The US Supreme Court has decided to hear a case about a school that refused to allow a service dog to accompany a 12-year-old girl with cerebral palsy to school. Wonder, a goldendoodle, found a home with Ehlena Fry when the girl was just five years old and is trained to help Ehlena by picking things up for her when she drops them, turning on lights, opening and closing doors, and other helpful tasks. To the family’s dismay, the Michigan school district would not allow Wonder into the building at all, initially. When it did allow a “trial” basis, Wonder was forced to stay on the other side of the classroom and the district would not let Wonder stay with Ehlena for recess or lunch.
The family filed a complaint with the Office of Civil Rights (OCR), and OCR found in their favor, compelling the district to allow Ehlena to bring her service dog to school. However, the struggle had been going on for three years and, by that time, the relationship between the school and the family was too damaged. Ultimately, Ehlena’s parents felt compelled to move her to another school district which welcomed Wonder to the classroom, thereby allowing Ehlena to again interact with her peers.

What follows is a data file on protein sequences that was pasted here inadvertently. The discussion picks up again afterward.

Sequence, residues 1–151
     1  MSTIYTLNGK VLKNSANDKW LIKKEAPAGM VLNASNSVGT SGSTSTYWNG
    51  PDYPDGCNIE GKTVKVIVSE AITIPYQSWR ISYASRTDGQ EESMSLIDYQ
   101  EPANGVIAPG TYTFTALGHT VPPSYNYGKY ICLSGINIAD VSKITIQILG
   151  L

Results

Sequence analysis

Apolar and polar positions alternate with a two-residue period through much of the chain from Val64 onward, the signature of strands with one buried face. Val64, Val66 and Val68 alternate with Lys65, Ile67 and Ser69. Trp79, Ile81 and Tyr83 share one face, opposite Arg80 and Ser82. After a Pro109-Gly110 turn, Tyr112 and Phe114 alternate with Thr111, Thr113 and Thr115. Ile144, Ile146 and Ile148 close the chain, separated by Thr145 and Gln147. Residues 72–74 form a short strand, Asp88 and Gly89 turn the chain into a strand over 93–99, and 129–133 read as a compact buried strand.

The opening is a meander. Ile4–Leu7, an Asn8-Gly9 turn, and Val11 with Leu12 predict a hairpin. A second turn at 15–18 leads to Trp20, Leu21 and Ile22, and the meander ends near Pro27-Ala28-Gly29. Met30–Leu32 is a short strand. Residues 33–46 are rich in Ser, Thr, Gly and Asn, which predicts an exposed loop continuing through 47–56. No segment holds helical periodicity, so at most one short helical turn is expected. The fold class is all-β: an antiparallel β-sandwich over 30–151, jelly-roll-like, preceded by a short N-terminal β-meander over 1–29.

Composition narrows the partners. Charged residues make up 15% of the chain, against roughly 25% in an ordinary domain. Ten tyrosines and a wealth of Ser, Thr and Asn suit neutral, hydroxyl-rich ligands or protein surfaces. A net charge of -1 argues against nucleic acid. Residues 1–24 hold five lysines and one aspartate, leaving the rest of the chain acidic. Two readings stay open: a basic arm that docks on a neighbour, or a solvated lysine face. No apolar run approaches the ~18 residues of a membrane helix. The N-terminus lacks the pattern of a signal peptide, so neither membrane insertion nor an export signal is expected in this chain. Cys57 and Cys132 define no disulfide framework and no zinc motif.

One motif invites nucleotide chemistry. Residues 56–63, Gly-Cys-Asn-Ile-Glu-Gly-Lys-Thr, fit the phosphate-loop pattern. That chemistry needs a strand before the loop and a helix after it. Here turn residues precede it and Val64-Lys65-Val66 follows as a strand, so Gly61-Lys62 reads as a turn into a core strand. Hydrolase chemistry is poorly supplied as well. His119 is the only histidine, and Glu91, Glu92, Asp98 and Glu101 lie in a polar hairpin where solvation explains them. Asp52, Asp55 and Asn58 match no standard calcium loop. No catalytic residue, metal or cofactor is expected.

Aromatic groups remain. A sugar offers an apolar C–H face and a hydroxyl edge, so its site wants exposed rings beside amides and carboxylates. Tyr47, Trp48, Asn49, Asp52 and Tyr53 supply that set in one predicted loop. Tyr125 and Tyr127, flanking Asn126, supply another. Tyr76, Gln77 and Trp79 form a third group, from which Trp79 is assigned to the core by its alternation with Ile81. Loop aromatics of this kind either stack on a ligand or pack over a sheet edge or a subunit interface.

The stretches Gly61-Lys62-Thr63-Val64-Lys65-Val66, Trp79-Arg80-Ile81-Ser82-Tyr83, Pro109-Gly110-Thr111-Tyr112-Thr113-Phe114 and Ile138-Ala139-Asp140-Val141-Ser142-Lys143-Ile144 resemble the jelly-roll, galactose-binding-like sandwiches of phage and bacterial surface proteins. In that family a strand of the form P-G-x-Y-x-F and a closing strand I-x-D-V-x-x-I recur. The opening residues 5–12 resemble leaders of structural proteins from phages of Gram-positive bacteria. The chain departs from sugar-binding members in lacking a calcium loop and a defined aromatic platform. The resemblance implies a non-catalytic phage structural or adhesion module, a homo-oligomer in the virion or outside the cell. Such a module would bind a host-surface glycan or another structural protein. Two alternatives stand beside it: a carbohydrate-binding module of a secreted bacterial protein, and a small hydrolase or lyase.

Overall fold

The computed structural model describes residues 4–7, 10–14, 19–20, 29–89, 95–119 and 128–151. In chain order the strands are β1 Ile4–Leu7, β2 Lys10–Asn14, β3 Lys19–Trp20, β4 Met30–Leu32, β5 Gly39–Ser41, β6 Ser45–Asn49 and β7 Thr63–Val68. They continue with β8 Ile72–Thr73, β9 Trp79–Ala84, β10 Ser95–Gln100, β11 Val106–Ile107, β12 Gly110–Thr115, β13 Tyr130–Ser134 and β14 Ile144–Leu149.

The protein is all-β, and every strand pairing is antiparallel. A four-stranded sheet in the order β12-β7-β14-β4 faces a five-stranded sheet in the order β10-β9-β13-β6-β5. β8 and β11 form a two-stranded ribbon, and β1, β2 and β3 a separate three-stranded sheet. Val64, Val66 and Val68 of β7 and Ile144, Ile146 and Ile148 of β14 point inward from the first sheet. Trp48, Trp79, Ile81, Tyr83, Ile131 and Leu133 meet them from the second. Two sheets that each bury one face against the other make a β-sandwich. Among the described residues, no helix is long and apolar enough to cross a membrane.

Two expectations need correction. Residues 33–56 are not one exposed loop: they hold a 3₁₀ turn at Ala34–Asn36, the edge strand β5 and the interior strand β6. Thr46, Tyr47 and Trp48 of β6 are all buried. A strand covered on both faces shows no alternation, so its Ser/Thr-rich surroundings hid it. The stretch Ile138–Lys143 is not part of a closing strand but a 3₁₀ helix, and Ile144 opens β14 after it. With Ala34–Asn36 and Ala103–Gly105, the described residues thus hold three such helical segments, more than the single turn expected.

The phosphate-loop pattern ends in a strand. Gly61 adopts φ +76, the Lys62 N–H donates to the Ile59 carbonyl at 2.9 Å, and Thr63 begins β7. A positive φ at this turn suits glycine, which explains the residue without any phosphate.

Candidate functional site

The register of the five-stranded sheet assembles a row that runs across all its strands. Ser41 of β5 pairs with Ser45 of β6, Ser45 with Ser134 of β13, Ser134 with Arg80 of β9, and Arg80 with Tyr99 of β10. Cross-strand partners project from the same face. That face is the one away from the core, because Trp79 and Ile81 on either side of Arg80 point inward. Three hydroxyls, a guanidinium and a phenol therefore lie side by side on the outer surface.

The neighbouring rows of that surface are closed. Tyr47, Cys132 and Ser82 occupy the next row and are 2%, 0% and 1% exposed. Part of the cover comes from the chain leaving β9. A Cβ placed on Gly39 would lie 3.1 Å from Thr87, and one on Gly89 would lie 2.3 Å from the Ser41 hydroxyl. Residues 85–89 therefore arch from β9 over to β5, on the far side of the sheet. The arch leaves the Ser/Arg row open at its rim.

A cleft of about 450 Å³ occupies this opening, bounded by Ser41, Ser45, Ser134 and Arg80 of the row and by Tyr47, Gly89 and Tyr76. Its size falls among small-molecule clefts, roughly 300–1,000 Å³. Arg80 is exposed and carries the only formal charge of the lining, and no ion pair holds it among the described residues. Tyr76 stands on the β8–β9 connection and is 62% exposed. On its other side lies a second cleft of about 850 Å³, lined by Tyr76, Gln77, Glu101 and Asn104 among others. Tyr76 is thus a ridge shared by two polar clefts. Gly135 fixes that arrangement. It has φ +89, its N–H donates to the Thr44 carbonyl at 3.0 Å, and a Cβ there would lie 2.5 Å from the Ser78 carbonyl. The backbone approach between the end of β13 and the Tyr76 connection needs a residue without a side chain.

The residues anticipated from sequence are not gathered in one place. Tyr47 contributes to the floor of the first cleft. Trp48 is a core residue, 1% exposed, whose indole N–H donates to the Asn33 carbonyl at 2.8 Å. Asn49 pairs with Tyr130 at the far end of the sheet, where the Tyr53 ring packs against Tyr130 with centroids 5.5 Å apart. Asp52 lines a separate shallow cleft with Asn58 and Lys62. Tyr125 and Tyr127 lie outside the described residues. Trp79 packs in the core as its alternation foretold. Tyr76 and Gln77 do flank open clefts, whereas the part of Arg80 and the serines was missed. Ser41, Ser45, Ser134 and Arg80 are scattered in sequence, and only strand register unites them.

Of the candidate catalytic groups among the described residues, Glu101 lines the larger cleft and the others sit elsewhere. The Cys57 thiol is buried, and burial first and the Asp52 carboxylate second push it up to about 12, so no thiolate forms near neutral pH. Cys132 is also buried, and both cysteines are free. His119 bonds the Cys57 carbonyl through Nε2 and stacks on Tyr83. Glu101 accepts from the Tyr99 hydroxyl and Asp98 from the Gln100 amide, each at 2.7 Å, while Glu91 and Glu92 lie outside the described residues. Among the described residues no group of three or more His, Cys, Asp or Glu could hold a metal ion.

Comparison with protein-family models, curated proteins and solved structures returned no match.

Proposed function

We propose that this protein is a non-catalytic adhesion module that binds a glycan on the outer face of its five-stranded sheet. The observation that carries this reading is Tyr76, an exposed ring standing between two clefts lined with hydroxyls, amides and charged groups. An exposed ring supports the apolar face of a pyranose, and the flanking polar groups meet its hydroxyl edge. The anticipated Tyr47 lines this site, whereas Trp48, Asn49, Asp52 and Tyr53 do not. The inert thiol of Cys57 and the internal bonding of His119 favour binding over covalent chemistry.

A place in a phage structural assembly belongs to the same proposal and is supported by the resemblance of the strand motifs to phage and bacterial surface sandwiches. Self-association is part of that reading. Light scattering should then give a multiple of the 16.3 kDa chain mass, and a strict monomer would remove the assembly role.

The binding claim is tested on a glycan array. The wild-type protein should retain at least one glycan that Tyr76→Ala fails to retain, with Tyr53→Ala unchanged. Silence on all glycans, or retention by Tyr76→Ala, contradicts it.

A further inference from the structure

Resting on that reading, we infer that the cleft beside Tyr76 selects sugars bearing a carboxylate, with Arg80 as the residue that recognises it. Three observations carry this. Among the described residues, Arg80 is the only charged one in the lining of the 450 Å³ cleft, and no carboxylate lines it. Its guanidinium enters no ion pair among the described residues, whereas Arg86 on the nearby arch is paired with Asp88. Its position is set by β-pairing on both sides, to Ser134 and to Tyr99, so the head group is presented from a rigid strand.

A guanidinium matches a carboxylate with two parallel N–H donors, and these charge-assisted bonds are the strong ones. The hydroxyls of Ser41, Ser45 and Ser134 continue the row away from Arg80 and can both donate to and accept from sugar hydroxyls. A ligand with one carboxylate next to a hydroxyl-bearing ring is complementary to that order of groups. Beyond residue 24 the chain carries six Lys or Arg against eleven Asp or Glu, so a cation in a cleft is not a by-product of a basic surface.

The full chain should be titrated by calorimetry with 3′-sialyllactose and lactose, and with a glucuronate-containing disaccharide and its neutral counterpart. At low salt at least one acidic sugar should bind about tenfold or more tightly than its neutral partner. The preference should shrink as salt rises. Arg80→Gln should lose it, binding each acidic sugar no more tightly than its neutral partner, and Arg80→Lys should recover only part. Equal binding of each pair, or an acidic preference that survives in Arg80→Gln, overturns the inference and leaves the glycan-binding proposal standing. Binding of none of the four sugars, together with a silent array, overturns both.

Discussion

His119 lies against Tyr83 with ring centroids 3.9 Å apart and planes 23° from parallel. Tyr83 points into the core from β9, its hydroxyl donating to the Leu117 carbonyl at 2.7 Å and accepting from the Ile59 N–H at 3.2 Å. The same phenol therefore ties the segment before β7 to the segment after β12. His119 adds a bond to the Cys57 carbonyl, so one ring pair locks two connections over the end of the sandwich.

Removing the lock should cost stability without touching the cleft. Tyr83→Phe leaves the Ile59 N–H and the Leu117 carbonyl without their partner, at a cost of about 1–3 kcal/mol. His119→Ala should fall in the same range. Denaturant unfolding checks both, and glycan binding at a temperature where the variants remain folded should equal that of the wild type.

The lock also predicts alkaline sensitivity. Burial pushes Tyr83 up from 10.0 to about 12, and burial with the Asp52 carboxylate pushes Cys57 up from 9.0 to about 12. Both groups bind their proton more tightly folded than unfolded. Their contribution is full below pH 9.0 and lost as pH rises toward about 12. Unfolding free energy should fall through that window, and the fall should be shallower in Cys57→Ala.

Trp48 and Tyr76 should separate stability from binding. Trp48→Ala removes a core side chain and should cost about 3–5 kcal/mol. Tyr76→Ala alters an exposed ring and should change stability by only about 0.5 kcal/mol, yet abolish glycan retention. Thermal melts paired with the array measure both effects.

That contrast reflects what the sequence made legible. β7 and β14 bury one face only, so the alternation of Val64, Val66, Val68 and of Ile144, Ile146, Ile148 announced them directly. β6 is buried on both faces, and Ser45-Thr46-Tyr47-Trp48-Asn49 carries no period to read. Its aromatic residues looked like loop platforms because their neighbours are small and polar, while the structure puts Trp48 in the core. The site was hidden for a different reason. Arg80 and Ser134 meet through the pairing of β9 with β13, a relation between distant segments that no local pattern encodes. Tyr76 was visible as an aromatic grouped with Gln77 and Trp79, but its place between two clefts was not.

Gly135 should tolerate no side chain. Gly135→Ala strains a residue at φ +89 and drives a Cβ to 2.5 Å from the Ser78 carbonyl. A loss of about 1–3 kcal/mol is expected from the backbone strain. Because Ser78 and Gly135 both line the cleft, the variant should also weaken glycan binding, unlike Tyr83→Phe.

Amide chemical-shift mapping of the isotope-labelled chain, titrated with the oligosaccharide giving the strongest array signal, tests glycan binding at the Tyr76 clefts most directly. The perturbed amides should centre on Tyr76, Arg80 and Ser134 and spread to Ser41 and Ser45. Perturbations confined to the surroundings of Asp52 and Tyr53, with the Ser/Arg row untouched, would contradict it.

Meanwhile, the family sued the the district claiming that the school violated Ehlena’s rights under the Americans with Disabilities Act by denying her equal access to school programs for several years. However, both the US District Court and the US Court of Appeals for the Sixth Circuit ruled against them, siding with the school district which said that the family was required by law to first go through Due Process with the school district (this is also known as “exhaustion of administrative remedies”). The family has appealed to the US Supreme Court and the US Supreme Court, although never compelled to hear a case just because it is appealed, has in fact agreed to hear the case. This is one to watch…
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